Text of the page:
A simple explanation for Heisenberg's Uncertainty Principle?

This came up as an old memory on Facebook from 2017. Why in the hell did I ever post it there (only for the fact that my tween books relate to science)? Except for maybe two people, most probably thought I was out of my friggin' head. Here's the post from Feb 2017.
=============================

While I'm writing the Story of Q, I'm always looking for cool and easy explanations for science terms and phenomena. As many of you know, Rachael (the main character) is a science geek like her father, who is an astrophysicist. Throughout the book, I'll mention certain terms, or have Rache get into discussions with her dad while watching science shows, etc., so always looking for ways to introduce subject matter (albeit lightly).

Anyway, not that this WILL be any of the future books, but found one of the best ways to explain Heisenberg's Uncertainty Principle. Very cool guys.

This is called Heisenberg's Uncertainty Principle. Werner Heisenberg, a German physicist, determined that our observations have an effect on the behavior of quanta. Heisenberg's Uncertainty Principle sounds difficult to understand -- even the name is kind of intimidating. But it's actually easy to comprehend, and once you do, you'll understand the fundamental principle of quantum mechanics.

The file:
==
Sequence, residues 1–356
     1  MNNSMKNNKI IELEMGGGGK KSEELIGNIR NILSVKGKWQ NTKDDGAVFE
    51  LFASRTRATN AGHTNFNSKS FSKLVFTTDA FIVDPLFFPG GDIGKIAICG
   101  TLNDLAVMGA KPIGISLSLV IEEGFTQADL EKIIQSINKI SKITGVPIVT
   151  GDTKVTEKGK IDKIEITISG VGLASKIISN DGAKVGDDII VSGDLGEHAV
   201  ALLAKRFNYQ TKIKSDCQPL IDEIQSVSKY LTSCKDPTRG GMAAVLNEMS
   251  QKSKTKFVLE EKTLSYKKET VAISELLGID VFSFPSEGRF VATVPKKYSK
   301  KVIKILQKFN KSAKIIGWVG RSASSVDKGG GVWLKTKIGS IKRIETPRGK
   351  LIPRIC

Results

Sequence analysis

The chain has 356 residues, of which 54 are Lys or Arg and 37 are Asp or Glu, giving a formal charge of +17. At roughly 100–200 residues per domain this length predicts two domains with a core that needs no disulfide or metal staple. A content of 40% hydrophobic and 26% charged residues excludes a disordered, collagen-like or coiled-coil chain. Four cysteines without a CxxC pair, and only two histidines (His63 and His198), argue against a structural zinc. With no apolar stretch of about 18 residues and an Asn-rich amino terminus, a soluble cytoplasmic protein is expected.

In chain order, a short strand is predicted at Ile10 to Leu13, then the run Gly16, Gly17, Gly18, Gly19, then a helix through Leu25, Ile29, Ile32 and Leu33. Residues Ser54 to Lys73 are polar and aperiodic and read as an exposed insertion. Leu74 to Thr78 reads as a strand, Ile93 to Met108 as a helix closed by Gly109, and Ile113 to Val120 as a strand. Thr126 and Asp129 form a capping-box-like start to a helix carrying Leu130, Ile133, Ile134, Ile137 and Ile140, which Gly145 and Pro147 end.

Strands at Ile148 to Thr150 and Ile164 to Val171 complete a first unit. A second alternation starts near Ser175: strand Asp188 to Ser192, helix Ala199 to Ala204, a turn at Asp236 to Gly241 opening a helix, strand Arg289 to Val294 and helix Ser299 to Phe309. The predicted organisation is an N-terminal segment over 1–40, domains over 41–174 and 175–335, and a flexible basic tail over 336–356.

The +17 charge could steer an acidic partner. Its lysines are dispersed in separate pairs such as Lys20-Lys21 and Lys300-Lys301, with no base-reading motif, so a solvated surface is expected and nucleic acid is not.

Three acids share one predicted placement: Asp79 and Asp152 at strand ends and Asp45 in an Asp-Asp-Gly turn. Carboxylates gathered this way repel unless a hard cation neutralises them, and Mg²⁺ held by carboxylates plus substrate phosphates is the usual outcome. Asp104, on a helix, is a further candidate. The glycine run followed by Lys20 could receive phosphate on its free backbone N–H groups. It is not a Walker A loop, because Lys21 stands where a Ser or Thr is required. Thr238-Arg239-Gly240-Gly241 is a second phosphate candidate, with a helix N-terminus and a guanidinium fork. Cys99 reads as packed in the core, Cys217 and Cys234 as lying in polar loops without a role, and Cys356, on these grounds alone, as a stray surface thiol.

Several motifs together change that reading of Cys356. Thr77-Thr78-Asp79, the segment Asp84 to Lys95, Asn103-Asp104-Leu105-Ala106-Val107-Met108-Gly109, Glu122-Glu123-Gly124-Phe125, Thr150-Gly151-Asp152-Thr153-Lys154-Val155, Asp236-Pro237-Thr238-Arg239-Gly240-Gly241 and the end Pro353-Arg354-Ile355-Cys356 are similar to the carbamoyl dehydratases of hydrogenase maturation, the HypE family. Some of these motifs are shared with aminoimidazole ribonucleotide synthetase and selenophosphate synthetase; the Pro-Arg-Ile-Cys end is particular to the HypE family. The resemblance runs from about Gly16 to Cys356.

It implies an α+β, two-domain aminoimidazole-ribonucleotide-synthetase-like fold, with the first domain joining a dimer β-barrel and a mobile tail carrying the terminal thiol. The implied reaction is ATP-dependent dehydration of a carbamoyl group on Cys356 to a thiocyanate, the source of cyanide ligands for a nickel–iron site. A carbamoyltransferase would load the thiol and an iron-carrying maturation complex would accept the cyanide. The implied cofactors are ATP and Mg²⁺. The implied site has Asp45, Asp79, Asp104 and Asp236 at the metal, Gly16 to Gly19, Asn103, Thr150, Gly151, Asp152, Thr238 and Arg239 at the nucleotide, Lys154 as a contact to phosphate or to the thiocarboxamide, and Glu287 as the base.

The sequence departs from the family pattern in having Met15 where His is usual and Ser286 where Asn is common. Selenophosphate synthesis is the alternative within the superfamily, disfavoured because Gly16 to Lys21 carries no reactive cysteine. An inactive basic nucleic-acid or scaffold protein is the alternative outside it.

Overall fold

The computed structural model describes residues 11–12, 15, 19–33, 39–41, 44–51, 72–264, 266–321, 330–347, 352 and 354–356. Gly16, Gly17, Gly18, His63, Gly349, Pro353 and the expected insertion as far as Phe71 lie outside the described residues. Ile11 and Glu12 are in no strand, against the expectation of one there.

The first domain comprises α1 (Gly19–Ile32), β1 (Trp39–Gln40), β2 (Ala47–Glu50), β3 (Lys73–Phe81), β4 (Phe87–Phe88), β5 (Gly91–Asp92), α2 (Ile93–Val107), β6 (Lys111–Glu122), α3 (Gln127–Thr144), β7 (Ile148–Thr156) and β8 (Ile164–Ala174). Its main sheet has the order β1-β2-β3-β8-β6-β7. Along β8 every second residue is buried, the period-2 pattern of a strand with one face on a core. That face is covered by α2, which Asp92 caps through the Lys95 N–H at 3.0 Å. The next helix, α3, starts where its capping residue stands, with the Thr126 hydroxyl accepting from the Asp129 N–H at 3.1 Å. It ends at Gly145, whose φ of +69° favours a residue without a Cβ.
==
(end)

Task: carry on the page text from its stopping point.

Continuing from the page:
Imagine that you're blind and over time you've developed a technique for determining how far away an object is by throwing a medicine ball at it. If you throw your medicine ball at a nearby stool, the ball will return quickly, and you'll know that it's close. If you throw the ball at something across the street from you, it'll take longer to return, and you'll know that the object is far away.

The problem i­s that when you throw a ball -- especially a heavy one like a medicine ball -- at something like a stool, the ball will knock the stool across the room and may even have enough momentum to bounce back. You can say where the stool was, but not where it is now. What's more, you could calculate the velocity of the stool after you hit it with the ball, but you have no idea what its velocity was before you hit it.

This is the problem revealed by Heisenberg's Uncertainty Principle. To know the velocity of a quark we must measure it, and to measure it, we are forced to affect it. The same goes for observing an object's position. Uncertainty about an object's position and velocity makes it difficult for a physicist to determine much about the object.

Of course, physicists aren't exactly throwing medicine balls at quanta to measure them, but even the slightest interference can cause the incredibly small particles to behave differently.

This is why quantum physicists are forced to create thought experiments based on the observations from the real experiments conducted at the quantum level. These thought experiments are meant to prove or disprove interpretations -- explanations for the whole of quantum theory.

Class dismissed.

Comments

Popular Posts